It was a newspaper headline that changed the course of my life. In July 1991, a Newsday article confirmed for me the fear of every gay man: A former lover had tested positive for HIV. “Patients of AIDS Dentist Seek Tests” was the headline. I wasn’t just Dr. Feldman’s patient; I had been his sexual partner. My positive result a few days later catapulted me into a new landscape, unchartered territory, a journey with no road map. I was only 26 years old. My journey continues today. I’m now in my 50s and I am grateful. There are so many others, infected before me and after me, who sprinted from diagnosis to death.
Now, as the coronavirus has spread worldwide, there is an element of déjà vu for those of us who experienced the anxiety of contracting a deadly virus in the early 1980s. At first, it was believed that the virus was primarily a threat to the male homosexual community. But in 1982, Gay Related Immune Deficiency (GRID) was renamed Acquired Immune Deficiency Syndrome (AIDS) as it became apparent that the disease did not discriminate based on sexual preference. So little was known about transmission and treatment when the virus first took hold. As if being gay were not cause enough for discrimination, gay men were also feared and even shunned as potential disease spreaders. I learned not to share my diagnosis, and it became my stigma, my secret, my shame.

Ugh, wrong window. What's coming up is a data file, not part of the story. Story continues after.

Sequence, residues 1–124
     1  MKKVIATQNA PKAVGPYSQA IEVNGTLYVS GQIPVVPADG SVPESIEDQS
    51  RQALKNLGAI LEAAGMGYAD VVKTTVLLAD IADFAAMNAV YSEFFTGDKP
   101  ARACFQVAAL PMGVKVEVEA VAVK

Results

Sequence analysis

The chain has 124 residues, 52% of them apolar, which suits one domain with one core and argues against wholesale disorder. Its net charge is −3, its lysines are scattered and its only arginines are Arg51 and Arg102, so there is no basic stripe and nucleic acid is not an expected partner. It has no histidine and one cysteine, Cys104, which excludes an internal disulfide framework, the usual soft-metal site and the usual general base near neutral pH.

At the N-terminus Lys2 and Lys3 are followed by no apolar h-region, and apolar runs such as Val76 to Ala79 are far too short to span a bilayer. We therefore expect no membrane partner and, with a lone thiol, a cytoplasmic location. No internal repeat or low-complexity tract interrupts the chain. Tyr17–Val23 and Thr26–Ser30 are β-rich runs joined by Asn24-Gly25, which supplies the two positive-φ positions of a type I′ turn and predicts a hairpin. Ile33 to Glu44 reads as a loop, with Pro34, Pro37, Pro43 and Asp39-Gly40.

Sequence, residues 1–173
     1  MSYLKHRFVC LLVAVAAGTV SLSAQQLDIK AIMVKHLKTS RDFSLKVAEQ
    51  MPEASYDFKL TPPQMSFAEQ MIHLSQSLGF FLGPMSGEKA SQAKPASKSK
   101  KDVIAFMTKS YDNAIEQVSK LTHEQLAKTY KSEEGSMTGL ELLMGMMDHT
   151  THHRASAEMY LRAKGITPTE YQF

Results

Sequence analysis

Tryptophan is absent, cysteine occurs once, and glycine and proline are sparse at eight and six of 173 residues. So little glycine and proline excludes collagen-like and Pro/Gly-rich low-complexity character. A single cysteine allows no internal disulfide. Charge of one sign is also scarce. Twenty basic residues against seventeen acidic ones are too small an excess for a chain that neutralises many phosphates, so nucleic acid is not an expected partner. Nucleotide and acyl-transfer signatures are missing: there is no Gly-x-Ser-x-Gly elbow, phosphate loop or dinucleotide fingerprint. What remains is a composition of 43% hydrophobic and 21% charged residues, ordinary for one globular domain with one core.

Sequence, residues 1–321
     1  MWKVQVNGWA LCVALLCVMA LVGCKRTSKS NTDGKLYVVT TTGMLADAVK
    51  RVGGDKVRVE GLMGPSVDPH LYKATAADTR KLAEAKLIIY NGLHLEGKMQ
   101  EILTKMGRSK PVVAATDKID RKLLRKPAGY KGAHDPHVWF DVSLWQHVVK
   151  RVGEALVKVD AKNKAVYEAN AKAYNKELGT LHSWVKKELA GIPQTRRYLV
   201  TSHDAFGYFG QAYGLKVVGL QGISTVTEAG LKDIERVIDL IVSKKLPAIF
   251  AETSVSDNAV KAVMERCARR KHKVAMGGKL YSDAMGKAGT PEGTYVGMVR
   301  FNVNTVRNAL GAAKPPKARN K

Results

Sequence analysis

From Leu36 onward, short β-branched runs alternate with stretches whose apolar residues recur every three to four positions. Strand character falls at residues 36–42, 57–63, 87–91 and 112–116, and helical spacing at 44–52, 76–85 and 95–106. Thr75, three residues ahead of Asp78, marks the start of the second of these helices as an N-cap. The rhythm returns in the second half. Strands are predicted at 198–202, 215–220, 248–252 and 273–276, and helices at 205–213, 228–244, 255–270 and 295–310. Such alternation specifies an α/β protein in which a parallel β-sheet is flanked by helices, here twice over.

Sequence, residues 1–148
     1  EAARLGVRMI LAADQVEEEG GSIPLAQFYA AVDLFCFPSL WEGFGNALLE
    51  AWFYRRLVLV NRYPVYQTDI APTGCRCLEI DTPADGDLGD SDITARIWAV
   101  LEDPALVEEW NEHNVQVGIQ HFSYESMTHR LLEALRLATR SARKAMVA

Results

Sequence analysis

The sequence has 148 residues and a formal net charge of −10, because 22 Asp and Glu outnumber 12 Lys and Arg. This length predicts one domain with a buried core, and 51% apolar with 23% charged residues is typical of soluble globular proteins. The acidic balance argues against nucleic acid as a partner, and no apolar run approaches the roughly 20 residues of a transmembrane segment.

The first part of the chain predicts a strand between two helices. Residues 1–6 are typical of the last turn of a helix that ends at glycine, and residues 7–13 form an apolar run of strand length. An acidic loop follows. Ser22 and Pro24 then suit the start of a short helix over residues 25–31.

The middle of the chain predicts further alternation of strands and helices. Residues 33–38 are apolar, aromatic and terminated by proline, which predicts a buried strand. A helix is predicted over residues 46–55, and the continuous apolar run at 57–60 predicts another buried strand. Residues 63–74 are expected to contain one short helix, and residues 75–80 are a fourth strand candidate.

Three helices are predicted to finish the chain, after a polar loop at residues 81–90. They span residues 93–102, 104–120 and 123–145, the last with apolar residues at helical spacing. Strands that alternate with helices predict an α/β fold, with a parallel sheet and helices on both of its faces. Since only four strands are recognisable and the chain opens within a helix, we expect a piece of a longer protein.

I learned early on in my life how to keep secrets. I was a shy, quiet child, bullied at school, painfully aware even as a young boy that I was different. I was lonely and vulnerable and perfect prey for a pedophile. A “trusted” family friend—my mother’s boss, who was a prominent member of our church—was my abuser up until my adolescence. It took all the courage I could muster to find my voice back then, to tell my story. I remember that my parents were dissuaded from filing criminal charges by the police, who were inept and inexperienced in these matters, and by a church that thought the best course of action was simply to pray for all involved. I came to believe that speaking the truth could be painfully unproductive, though not nearly as destructive as suffering in silence.
In the years to come, I would speak the truth again and again, even when it was wielded as a two-edged sword—sometimes pushing people away, sometimes pulling them in. I would tell my family I was gay. I would tell them I had HIV. I am using my voice now to tell others you can survive the worst kind of trauma. Older, long-term survivors of the HIV pandemic have much to teach those currently caught up in the chaos of COVID-19. We have gained knowledge and eradicated fear. We have won access to the medications we need for our survival. We have increased awareness of what it means to be immunocompromised. We have campaigned for science and government to join forces. We loved and accepted ourselves, and now others love and accept us. If you are looking for hope and proof that you can survive a pandemic, I am here. We are here.
What three adjectives best describe you?
Survivor, resilient, determined.
What is your greatest achievement?
Maintaining a positive attitude despite living with the aftermath of much tragedy.
What is your greatest regret?
Not spending more time with people I love who are no longer alive.
What keeps you up at night?
Fears about my health and finances.
If you could change one thing about living with HIV, what would it be?
Improve medications so there are fewer side effects.
What is the best advice you ever received?
Don’t give up.
What person(s) in the HIV/AIDS community do you most admire?
What drives you to do what you do?
What is your motto?
“Stay in the moment.”
If you had to evacuate your house immediately, what is the one thing you would grab on the way out?
If you could be any animal, what would you be? And why?
A lion—hear me roar!